It is in this context that Facebook deliberates over Interior Minister Chaudry Nisar Ali Khan's statement as reported by Dawn that 'Facebook and other service providers should share all information about the people behind this blasphemous content'. Despite criticism from human rights advocates, Facebook does delete some blasphemous posts it's notified about, and it does respond to state requests to restrict access to blasphemous content. According to Facebook's government requests report, the number of content pieces restricted in Pakistan due to government requests fell from 1773 in the first half of 2014 to just 25 in the first half of 2016 – Facebook does not elaborate on the reason for this fall, and it's unclear whether it's due to Facebook abiding by fewer requests, the government making fewer requests, fewer blasphemous posts in the first place, or some other factor.

Despite Facebook's somewhat amorphous position on the importance of unfettered free expression, the prospect of ratting out blasphemers to a government that would (in theory at least) seek to put them to death is out of the question. In addition to any ethical objections, obliging the Pakistani government on this issue would likely provoke extreme backlash and boycotts in countries that provide the lion's share of Facebook's revenue.

While Facebook and other social media channels have little principled opposition to restricting content to operate in markets such as Pakistan or Germany, implementing the level of controls stipulated may prove challenging. A recent study in Germany revealed that Facebook deleted less than half and Twitter only 1% of illegal hate speech within the government's 24-hour timeframe. Facebook CEO Mark Zuckerberg has outlined his desire to have a combination of user input and artificial intelligence eventually allow for the automatic categorisation and appropriate censoring of objectionable content:

The approach is to combine creating a large-scale democratic process to determine standards with AI to help enforce them. The idea is to give everyone in the community options for how they would like to set the content policy for themselves…for those who don't make a decision, the default will be whatever the majority of people in your region selected, like a referendum. Of course you will always be free to update your personal settings anytime…Although we will still block content based on standards and local laws, our hope is that this system of personal controls and democratic referenda should minimize restrictions on what we can share.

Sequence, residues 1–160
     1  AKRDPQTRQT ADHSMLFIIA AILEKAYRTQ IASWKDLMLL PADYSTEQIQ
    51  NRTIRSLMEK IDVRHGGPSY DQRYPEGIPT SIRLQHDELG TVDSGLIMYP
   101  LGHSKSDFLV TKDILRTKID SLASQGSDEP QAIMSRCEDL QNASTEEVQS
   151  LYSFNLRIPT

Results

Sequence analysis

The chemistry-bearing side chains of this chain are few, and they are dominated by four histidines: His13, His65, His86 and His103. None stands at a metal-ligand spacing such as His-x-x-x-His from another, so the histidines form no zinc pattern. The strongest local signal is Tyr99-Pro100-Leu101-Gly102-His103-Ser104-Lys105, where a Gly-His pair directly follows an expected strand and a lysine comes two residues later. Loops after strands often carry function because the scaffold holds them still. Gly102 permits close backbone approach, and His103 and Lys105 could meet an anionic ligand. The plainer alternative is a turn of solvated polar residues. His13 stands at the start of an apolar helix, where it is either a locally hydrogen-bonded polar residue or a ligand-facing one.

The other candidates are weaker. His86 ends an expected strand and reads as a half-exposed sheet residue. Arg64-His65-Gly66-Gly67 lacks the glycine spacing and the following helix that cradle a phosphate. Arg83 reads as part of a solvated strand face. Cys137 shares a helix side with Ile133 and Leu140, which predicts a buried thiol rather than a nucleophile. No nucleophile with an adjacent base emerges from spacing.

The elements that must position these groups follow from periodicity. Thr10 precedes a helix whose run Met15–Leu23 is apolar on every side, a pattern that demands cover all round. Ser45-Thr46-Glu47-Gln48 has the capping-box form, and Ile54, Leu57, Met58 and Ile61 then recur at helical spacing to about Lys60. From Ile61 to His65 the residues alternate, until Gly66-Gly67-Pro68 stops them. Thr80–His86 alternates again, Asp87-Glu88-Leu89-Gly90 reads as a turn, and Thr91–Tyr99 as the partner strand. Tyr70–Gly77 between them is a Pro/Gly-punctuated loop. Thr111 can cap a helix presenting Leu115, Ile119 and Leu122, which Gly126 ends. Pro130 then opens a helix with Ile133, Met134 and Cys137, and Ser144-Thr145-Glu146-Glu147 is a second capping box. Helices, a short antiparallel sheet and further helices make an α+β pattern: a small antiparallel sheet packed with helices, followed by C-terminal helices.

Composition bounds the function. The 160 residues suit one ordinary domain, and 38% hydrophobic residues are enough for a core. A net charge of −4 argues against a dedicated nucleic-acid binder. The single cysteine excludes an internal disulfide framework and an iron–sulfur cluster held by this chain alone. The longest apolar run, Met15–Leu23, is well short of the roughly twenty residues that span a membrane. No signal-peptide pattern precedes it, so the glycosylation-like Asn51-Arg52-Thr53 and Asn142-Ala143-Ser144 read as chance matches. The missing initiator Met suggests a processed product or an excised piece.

But Zuckerberg is quick to add that such technology is potentially years away. And implementing content control measures may lend further legitimacy to the argument, so long avoided by tech companies, that Facebook and others should be subject to the same expectations placed upon traditional publishers – that they are not just a medium, but are as responsible for the content posted on their sites as the users that post them.

'Overall, it is important that the governance of our community scales with the complexity and demands of its people', wrote Zuckerberg in his manifesto. But Facebook's community doesn’t operate in a vacuum – it relies explicitly on the blessings of other agents. Whether the governance of Facebook, Google and others can scale fast enough to meet the increasing demands of the advertisers that fund them and the governments whose citizens they rely on for revenue remains to be seen.